York City economic development: Fixing a 'broken system'
A controversial plan to bolster York City's economic development might be dead, but Mayor Michael Helfrich says something eventually will have to be done to fix the current system, which he called "broken."
During the mayoral transition period earlier this year, Helfrich said he received multiple complaints of missed calls and emails by those trying to contact the York City Department of Economic and Community Development.
This is "an example of a systemic issue" in regards to staffing and how the department is managed, he said.
Recently, a plan intended to fix the problem through a contract with the York County Economic Alliance was announced — and promptly attacked by members of the city's minority community.
After the emotional meeting, Council President Henry Nixon said the plan is "dead in the water."
The contract would have allowed the city to use the alliance's staff and resources to expand and manage economic development in the city.
Minorities in the city said the plan amounted to outsourcing economic development and could lead to gentrification and the minimization of minority voices in the city.
Helfrich has since slightly shifted gears, but he is still planning to take action, with or without a contract.
Expansion and inclusion: The vision now, the mayor said, is to continue trying to expand economic development while "not forgetting all of the rest of the people of York City."
The mayor intends to bring in two additional employees for the Department of Economic and Community Development, he said. The plan is still in its early stages, and the future employees' roles haven't been decided.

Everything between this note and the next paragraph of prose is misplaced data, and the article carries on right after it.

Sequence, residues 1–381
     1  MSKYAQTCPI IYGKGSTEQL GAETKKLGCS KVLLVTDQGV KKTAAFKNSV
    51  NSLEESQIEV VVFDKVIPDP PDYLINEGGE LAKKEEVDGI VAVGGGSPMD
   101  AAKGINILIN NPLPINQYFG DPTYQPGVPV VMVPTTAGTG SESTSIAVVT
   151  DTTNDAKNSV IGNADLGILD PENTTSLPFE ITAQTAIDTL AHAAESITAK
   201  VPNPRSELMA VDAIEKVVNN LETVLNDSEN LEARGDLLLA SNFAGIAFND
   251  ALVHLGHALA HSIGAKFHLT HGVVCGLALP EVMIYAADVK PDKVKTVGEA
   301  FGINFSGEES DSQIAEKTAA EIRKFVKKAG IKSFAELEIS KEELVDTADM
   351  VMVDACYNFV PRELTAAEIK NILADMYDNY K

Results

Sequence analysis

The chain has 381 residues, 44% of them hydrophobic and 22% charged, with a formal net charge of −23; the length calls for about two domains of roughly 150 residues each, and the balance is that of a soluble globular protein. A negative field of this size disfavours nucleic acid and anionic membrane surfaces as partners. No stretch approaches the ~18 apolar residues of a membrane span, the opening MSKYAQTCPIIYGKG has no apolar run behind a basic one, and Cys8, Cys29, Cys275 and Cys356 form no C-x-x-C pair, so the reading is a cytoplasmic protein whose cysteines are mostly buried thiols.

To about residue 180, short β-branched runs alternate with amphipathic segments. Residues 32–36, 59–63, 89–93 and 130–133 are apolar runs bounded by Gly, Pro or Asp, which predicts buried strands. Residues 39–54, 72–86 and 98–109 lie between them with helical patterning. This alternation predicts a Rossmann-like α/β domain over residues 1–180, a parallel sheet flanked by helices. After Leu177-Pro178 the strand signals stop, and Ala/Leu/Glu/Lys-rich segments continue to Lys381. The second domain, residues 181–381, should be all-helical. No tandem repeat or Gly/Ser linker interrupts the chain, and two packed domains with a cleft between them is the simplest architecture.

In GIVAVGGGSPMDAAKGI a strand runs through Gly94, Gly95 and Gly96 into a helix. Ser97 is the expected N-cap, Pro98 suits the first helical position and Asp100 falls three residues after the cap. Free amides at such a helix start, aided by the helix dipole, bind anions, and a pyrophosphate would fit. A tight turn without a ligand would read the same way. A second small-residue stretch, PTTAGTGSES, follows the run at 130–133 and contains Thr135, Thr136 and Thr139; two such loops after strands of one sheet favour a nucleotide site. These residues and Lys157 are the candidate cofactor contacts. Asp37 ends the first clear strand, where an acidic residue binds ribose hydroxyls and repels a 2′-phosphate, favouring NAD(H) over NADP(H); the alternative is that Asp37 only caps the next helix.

The employees are needed because the current staffing is "not nearly enough," he said. The city's financial standing only allows for two new employees, but Helfrich said 10 more are needed.
The small expansion would allow Shilvosky Buffaloe, who currently oversees all York City economic and community development, to focus on community development, as communities have been "left behind" in an age of large-scale projects in the downtown area, Helfrich said.
"I want Buffaloe to be spending all of his time on community development," he said. "... (T)here's already plenty of economic development. It's almost all downtown and for people not in the city."
Helfrich said one of the new employees would need to be fluent in Spanish in order to better communicate with the city's Latino population, which comprises 31 percent of the city population as of 2016, according to the U.S. Census Bureau.
Buffaloe declined to comment, but he said the mayor has "astute people in his midst" to work on Helfrich's vision.
Others involved in local economic development echo Helfrich's call for expansion and inclusion.
"Expansion while reflecting minority voices is the goal," said Silas Chamberlin, CEO of Downtown Inc. "Bettering communication with city residents isn't so much a problem as it is an opportunity."
Chamberlin's organization works to enhance and encourage investment in York’s central business district. They are often working hand-in-hand with Helfrich on economic development.
He said he "applauds the mayor for putting these ideas on the table" but also agreed with some minority complaints that "some people are left behind."